Read more: Zin love again: Folie a Deux 2009 Zinfandel wine review
The square in rural downtown Paso Robles, California (pronounced “ROBE-less” by purists, “RO-bulls” by locals), is often covered with lush green grass and a sea of smiling tourists during harvest. It’s difficult to believe this sleepy, virtually unknown wine region has been producing wine for a quarter century, but when you taste the quality, you quickly realize this former cow town isn’t hokey-pokey. An extremely warm climate area with the widest swings in daily temperature on earth, Paso specializes in grapes that bask in heat: Cabernet Sauvignon, Syrah, Zinfandel and other French Rhône-origin grapes. One night recently, my husband and I grilled out steaks and I grabbed this unfamiliar label, Ancient Peaks Renegade, from the “samples rack” — which we affectionately dub our wine play area. I’ve found some gems amongst the army of bottles perched in our family room over the years and when I tasted this wine for the first time, the eyebrows raised.
Read more: Wine review: Ancient Peaks 2009 Renegade Paso Robles
Malbec is like the the golden retriever of wines — everyone loves its softness and friendliness. It’s grown around the world but Argentina’s Mendoza region owns this dogged grape variety and it’s rare that I’ve consumed a Malbec that was absolutely disgusting — can’t say the same for Chardonnay and Cabernet Sauvignon. This country simply keeps producing great, everyday drinking Malbecs.
Read more: Wine review: Argento 2010 Malbec Mendoza
I’ve finally comes to terms with the fact that I’m a Pinot-lovin’ woman. Call me an acid freak, but I just can’t sit down with only a glass (and no food), pop a cork on a Cabernet Sauvignon and enjoy the hell out of the experience. Nope, won’t happen. Too assaulting. Cabernet is a food wine, plain and simple — the tannins don’t allow my palate to fall backwards into its loving yet astringent arms. But Pinot Noir is a different story. It’s the smooth operator — the wine that massages your shoulders before making its move. It guides your hand to the glass, introduces its beautiful self to your life and entertains… nay… does a lap dance on your tongue. Seduction complete.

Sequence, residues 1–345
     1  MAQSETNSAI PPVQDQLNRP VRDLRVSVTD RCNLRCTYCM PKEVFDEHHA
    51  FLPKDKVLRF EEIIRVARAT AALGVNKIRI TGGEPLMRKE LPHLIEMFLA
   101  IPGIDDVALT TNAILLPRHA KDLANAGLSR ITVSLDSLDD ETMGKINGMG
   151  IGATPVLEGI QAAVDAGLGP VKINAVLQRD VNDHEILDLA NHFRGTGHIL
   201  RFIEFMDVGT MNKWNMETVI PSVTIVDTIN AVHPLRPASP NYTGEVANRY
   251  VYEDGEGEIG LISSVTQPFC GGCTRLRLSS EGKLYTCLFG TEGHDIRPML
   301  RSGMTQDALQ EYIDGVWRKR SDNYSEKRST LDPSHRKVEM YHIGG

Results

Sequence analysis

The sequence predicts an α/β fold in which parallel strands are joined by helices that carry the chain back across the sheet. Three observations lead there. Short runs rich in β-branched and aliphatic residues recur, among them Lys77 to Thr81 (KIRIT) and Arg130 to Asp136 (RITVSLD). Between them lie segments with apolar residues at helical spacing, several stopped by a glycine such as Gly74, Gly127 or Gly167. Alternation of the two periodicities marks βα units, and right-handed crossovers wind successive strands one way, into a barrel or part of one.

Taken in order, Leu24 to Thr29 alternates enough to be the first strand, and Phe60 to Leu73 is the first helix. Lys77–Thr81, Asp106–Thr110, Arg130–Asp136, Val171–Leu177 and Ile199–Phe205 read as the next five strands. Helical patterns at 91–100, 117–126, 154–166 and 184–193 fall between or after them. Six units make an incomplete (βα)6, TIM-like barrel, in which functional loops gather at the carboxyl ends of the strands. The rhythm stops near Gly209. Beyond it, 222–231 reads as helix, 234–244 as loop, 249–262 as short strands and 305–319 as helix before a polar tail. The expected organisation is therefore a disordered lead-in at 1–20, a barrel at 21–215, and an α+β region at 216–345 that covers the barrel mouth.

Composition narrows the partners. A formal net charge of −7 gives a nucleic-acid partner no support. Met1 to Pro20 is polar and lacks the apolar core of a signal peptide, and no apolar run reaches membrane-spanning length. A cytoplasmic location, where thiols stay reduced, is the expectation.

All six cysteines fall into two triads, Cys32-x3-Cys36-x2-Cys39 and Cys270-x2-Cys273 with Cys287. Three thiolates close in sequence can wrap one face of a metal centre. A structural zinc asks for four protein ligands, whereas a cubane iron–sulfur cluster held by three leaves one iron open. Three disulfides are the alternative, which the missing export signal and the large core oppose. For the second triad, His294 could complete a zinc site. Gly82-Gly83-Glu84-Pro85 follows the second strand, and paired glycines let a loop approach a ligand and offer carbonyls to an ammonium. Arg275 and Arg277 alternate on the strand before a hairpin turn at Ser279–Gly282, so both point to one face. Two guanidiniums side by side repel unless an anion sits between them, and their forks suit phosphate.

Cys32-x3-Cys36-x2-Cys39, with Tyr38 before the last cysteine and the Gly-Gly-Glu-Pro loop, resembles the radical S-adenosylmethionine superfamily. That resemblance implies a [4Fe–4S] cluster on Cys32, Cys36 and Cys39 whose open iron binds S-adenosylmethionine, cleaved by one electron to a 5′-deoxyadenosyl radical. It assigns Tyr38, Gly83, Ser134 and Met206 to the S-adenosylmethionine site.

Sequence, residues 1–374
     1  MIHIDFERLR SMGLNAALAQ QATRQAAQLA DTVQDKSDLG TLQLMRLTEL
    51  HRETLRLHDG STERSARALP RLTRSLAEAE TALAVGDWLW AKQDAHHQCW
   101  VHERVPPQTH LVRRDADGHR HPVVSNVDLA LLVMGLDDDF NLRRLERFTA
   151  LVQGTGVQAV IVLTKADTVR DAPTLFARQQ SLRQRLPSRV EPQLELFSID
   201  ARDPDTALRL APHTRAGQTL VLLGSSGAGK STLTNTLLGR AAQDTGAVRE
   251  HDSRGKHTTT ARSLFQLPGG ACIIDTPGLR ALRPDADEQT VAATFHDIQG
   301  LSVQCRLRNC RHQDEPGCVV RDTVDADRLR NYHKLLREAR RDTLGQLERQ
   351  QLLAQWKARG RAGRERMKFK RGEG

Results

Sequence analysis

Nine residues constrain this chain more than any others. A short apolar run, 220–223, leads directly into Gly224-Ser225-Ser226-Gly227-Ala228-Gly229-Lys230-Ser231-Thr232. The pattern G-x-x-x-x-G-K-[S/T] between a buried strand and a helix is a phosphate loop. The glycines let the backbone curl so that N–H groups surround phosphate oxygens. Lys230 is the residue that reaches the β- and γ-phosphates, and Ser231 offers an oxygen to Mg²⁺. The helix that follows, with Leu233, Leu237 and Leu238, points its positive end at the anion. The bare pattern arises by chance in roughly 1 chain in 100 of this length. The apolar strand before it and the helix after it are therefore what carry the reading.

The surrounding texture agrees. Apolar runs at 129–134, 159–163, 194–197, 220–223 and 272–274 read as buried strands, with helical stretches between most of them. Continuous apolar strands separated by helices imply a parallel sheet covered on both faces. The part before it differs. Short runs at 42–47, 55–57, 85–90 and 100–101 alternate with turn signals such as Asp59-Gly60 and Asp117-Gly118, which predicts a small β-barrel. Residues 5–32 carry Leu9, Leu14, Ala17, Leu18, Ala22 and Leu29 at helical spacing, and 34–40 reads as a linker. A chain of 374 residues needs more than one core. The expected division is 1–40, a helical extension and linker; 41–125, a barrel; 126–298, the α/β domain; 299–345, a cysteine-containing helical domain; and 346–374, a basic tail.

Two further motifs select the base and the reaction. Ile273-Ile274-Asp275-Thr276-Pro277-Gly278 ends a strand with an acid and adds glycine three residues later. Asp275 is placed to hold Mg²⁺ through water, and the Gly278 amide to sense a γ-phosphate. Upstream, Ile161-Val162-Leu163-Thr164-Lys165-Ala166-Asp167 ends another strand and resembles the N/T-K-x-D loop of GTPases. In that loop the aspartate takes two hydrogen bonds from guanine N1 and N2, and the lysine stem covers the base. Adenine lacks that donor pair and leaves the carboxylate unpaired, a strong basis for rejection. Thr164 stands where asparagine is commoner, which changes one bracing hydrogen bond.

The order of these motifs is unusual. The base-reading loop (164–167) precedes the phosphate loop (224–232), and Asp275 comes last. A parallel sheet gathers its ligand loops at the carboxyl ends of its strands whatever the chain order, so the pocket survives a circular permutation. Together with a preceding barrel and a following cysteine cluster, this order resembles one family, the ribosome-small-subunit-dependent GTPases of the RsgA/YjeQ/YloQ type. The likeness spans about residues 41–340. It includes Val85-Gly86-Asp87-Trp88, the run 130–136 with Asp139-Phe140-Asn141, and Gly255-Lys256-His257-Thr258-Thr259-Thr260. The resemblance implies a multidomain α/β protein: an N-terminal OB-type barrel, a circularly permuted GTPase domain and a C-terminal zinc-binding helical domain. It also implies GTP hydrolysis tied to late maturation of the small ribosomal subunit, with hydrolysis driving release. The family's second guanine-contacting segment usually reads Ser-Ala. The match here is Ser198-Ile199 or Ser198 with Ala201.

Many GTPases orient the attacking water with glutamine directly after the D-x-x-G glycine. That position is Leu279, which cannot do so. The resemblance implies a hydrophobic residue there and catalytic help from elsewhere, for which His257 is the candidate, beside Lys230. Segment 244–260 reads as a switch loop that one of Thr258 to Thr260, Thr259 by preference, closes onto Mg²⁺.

Read more: Wine review: Gary Farrell 2009 Pinot Noir Russian River Valley
Sicily is one of those steeped-in-history places you see on the Discovery Channel, where warring tribes battle among the decadent, carnal masses. True to their roots, Sicilians claim they inhabit the birthplace of vino, where Bacchus himself bent down and buried the seeds in the rich soil. This fertile, 10,000-square-mile island (about the size of Vermont), floating in the Mediterranean Sea between Europe and Africa, has been fought over since 500 B.C. and more often than heroin deals in the Corleone and Tattaglia families. Fractious warriors including the Greeks, Romans, Barbarians, Arabs, French, Spanish and then finally the Italians marked the Sicilian territory. Each of these thirsty cultures left its footprint on Sicilian wine making, such as the Zibibbo grape introduced by the Saracen Arabs and Primitivo (aka Zinfandel) by the Albanian refugees in the Ottoman conquest. Though probably trampled many times over during battle, those grapes still thrive today, making Sicily a bright, unique wine region.
Read more: Sicily’s native son: Cusumano 2010 Nero d’Avola IGT wine review